Review by Lawrence J. Epstein
Humboldt’s Gift won the Pulitzer Prize for fiction in 1976 and contributed to Saul Bellow being awarded the Nobel Prize in literature that same year.
One of the novel’s principal themes centers on a struggle artists face in America, where they must too often choose between loyalty to art and loyalty to commerce. To illustrate this theme, Bellow follows the writer Charlie Citrine, clearly modeled on Bellow himself. Charlie is torn between two other characters. One is the once-famous poet Von Humboldt Fleisher, who died in poverty and obscurity. Humboldt is modeled on Bellow’s friend and rival Delmore Schwartz. Humboldt is an eccentric literary genius, once a famed author of literary ballads who wanted to help America through art. America, though, rejected Humboldt’s offer, and he has been forgotten.
Charlie is captivated by Humboldt’s purity but tempted by the wealth of commercial success. In the book, crass commercialism is represented by the character of gangster Rinaldo Cantabile, who pushes Charlie to accept a more brutal reality.
Caught in this struggle, Charlie is disillusioned, fighting both his wife (who wants a large divorce settlement) and his girlfriend (who wants to marry him). Drawn to the allure of sex, money, and power, he finds Humboldt’s path far less inviting than Cantabile’s.
The pessimistic Charlie sees traditional ideas as exhausted. He tries alternatives such as Rudolf Steiner’s spiritual path. He thinks that perhaps in his writing he can create an onslaught of words against the void. But such an effort proves difficult. He notes, “I had the attention of the public for nearly a year, and I taught it nothing.” Ultimately, Charlie solves his dilemmas by accepting “Humboldt’s gift”: a realization that art must accommodate life’s realities.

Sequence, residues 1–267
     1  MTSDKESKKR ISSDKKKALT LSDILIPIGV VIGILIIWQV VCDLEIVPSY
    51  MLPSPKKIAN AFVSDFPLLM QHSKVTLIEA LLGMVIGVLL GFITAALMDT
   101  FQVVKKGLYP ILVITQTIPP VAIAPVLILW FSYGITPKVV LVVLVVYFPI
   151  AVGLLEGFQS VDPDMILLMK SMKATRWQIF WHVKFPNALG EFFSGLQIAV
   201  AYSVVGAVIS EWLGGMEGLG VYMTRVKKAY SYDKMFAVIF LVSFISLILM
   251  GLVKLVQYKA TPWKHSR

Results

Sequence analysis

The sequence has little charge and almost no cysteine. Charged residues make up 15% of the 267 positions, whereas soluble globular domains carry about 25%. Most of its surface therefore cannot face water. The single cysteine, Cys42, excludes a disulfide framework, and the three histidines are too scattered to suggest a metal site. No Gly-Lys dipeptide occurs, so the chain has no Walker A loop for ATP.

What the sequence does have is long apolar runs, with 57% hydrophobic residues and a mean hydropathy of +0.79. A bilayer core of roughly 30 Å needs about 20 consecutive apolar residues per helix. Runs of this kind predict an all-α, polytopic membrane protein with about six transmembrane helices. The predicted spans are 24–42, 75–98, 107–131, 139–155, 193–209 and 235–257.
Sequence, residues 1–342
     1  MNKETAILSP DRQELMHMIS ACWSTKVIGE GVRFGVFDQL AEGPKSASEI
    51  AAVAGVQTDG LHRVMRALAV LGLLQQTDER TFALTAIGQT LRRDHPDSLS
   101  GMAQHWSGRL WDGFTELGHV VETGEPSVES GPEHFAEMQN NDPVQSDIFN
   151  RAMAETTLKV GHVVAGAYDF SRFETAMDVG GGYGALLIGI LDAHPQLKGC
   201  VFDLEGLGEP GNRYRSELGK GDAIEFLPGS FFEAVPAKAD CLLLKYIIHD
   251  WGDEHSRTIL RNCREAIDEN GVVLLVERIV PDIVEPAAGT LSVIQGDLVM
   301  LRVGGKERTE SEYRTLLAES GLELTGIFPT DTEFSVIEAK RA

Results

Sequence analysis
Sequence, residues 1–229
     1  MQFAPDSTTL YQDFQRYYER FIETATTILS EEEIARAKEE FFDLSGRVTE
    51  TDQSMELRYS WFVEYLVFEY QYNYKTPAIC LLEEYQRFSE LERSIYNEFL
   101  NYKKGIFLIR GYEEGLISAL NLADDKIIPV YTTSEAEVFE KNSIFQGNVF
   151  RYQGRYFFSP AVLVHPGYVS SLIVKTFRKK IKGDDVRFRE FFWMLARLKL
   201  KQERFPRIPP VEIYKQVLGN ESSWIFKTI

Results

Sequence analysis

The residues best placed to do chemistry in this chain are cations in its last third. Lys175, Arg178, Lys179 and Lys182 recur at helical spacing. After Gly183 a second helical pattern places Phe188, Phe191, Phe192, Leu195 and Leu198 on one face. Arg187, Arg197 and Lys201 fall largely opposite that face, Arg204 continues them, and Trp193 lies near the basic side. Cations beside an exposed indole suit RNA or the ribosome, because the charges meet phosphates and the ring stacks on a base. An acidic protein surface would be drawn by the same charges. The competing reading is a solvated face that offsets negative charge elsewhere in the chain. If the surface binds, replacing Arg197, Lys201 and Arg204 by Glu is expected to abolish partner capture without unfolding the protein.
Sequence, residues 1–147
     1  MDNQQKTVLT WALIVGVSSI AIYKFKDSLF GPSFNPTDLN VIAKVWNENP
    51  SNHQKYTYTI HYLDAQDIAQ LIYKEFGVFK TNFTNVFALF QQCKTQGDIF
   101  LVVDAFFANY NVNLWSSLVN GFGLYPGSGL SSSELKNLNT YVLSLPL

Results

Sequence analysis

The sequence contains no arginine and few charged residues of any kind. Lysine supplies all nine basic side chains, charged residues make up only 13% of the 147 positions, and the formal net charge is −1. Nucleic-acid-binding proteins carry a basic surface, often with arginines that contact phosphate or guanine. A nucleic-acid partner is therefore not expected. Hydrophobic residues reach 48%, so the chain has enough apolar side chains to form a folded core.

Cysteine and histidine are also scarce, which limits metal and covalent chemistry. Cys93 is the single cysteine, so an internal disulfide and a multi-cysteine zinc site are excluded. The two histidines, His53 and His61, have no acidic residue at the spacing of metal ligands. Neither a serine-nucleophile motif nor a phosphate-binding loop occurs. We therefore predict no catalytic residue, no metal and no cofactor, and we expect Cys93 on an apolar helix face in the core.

The book’s startling originality, energy, and brilliance—and the focus of much critical response—stems from its style. Bellow has an extraordinarily congenial relationship with the English language. He can create jaw-dropping descriptions, especially of faces. A professor, for example, has “eyebrows like caterpillars on the Tree of Knowledge.” Bellow pushes at English’s borders and seems to create his own version of the language in the way an Emily Dickinson or James Joyce did.
The overpowering writing fits Charlie’s confusion. It also works to provide readers a sense of pity for the desperation of those who struggle to understand their own lives.
The language is that of an outsider, with a clear Yiddish influence. The writing reflects a character struggling to join the dominant culture and yet speaking in a foreign tongue. Inside, Bellow resembles Isaac Bashevis Singer; outside, he is more similar to F. Scott Fitzgerald.
The book is not explicitly Jewish, and, like Bellow himself, it twists and turns to define an identity. The battle between art and commerce is a metaphor for Bellow’s own struggle between being a Jewish writer and being an American writer. He composed in a blend of Yiddish and Midwestern English that offered a unique voice and a meeting ground between an individual identity and genuine integration into the American literary mainstream.
Lawrence J. Epstein is the author of many books about Jewish life, including THE HAUNTED SMILE: THE STORY OF JEWISH COMEDIANS IN AMERICA. He also wrote AT THE EDGE OF A DREAM, about Jewish immigrant life on the Lower East Side.